The Today Show visited our campus once to take a look at our research on distracted driving.
The popular morning show recently returned to take a look at our research on the decisions police officers have to make, sometimes life or death decisions made in a fraction of a second.
This morning, The Today Show featured WSU Spokane research on distracted driving and police officers.
Our research looks into the ways the body operates when being distracted while driving. With this research, hopefully solutions can be formed to make the roads safer for everyone.
Lois James is a Research Assistant Professor in our Sleep and Performance Research Center. The Center and our Criminal Justice program have worked with the Spokane Police Department on a number of studies and trainings.
James conducted research last year that showed racial disparities in police confrontations. Her research showed that participants in the study hesitated longer to shoot when confronted with black suspects compared to white and hispanic suspects.
This research was timely, since the nation is currently in an ongoing debate regarding police shootings in the wake of the deadly shooting of Michael Brown in Ferguson, Mo.
As one might expect, this research has received considerable attention from around the world. Here’s a rundown of some of the coverage James’ research has garnered so far:
Our research on police and deadly encounters has received attention in a number of places.
Dr. Lois James’ research shows that police officers hesitate longer when encountering black suspects in deadly situations than they do with white suspects.
Dr. Bryan Vila’s research on police fatigue and decision making shows that police officers have an extremely difficult job and was featured on Anderson Cooper 360.
Last night, CNN’s Don Lemon hosted a town hall called “Cops Under Fire” and referenced the research happening on our campus.
Vila talked about the various factors that impact police officers’ decision making processes, including fatigue, too much work and too little sleep, distractions in the squad car and more. Vila attributes some of this to insufficient funding in many police departments around the country. Vila’s suggested solutions to these problems boil down to increasing staffing and improving how the challenges of shift work are managed.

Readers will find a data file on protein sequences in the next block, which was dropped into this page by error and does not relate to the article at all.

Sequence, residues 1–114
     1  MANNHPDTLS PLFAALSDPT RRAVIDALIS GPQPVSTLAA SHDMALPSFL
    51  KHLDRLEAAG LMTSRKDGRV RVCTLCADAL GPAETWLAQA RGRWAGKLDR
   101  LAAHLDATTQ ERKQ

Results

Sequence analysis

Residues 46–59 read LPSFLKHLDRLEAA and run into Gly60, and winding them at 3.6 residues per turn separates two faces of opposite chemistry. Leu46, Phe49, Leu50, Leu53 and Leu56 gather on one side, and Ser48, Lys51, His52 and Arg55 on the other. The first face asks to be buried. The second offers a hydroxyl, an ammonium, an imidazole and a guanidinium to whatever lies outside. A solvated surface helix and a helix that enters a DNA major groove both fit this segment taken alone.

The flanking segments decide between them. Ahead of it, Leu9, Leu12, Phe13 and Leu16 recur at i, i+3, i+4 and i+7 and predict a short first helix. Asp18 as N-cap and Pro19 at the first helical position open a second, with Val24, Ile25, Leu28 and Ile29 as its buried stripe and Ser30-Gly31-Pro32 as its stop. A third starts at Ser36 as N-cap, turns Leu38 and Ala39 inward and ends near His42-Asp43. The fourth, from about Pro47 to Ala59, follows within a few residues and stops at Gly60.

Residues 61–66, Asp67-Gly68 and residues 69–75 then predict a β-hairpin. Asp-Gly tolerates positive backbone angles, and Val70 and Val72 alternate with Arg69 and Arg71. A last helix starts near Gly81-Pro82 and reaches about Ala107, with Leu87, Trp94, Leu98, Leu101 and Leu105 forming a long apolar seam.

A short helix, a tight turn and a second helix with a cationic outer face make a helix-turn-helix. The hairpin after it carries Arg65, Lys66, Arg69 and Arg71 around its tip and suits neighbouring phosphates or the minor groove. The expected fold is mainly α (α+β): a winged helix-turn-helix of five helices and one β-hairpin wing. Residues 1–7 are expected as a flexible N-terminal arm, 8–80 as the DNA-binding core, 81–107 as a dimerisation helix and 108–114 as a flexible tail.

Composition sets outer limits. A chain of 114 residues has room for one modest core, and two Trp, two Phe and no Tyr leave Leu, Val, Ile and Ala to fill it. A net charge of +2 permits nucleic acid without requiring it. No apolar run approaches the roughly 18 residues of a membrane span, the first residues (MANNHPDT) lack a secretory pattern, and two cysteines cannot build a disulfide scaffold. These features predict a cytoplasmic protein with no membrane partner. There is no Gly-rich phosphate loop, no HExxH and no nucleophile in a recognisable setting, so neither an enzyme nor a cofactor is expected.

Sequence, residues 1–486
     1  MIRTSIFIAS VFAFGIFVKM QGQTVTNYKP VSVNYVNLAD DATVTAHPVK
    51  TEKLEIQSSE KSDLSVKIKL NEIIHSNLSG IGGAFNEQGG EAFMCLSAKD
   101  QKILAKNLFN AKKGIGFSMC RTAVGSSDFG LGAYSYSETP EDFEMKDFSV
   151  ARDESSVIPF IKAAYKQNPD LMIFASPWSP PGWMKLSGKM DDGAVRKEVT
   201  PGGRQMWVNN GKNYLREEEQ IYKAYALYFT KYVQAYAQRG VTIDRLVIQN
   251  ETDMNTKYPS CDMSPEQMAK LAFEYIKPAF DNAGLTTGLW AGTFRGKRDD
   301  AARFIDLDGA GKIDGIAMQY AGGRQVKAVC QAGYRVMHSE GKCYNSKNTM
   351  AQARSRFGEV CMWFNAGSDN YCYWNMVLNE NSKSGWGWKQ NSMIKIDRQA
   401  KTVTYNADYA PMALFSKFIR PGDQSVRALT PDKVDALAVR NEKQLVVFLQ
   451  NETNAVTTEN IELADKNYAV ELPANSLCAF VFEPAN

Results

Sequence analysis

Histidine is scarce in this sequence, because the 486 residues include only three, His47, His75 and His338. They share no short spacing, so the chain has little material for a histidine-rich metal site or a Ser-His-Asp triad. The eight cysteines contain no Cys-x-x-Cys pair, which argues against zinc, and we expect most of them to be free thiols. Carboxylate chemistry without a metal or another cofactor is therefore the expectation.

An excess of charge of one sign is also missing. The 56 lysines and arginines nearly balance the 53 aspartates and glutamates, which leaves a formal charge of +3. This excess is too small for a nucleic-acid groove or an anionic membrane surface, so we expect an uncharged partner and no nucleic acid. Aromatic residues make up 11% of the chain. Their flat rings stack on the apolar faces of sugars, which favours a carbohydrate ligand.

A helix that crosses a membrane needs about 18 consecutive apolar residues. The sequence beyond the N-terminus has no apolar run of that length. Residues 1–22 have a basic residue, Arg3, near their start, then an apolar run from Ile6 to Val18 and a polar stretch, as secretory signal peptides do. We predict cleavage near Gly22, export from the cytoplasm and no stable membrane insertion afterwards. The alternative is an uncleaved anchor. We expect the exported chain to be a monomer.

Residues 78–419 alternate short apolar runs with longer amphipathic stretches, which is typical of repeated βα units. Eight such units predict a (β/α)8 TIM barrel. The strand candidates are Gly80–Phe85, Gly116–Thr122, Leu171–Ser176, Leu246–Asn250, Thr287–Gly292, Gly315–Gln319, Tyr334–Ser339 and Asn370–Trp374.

Watch the presentation:
Do you use your smartphone or tablet just before you head to bed? If so, it could impact your sleep schedule each night.
So says a study performed for two KXLY TV reporters by our Sleep and Performance Research Center.
Our own Devon Grant administered the study. Her theory, which is supported from the study of the two KXLY reporters, says that people fall asleep sooner if they stay away from their smartphones and tablets for an hour before going to bed.
So if you want a better night of sleep, you might want to avoid that e-reader in bed.
Some recent media on police distractions and police shootings featured research from the WSU Spokane campus.
The St. Louis Post-Dispatch had a long story on police officers in the wake of the Ferguson, Mo. riots asking for more officers due to fatigue, stress and scrutiny.
WSU Spokane researcher Lois James is quoted, and talks about her findings that show police officers hesitate longer when involved in a possibly deadly encounter with black suspects. James is part of WSU’s criminal justice program.
While the research is happening in Spokane, it’s reaching audiences all over the country.
KARE TV, a Minneapolis TV station, teamed up with Minneapolis Public Radio to investigate how police officers are often distracted while driving. The two media outlets’ investigation brought them to Bryan Vila, a criminal justice professor at WSU Spokane who has studied a number of things relating to police officer fatigue and distractions:
This shows how important the research on our campus is to the public, both near and far. Learn more about the criminal justice program at WSU Spokane.